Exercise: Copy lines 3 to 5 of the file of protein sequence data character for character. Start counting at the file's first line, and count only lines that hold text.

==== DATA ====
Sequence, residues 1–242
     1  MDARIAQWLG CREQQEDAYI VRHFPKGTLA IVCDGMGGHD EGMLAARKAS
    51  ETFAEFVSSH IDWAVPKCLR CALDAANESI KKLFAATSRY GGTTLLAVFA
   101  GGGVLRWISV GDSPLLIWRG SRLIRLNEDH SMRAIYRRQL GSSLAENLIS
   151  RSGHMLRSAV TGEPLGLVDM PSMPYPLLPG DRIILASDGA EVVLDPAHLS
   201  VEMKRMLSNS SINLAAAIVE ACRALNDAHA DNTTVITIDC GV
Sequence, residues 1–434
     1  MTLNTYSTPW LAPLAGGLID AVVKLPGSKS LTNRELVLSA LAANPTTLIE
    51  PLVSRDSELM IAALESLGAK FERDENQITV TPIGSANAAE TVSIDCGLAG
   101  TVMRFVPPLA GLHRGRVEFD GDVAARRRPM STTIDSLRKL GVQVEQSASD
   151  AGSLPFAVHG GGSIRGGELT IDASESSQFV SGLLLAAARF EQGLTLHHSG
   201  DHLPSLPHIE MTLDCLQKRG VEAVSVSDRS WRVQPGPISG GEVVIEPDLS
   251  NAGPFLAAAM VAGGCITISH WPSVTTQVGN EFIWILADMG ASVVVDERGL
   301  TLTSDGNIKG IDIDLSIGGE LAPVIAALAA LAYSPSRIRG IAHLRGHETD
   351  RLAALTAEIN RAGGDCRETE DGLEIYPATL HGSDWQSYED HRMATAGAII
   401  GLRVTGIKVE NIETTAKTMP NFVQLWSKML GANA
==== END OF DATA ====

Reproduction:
    51  ETFAEFVSSH IDWAVPKCLR CALDAANESI KKLFAATSRY GGTTLLAVFA
   101  GGGVLRWISV GDSPLLIWRG SRLIRLNEDH SMRAIYRRQL GSSLAENLIS
   151  RSGHMLRSAV TGEPLGLVDM PSMPYPLLPG DRIILASDGA EVVLDPAHLS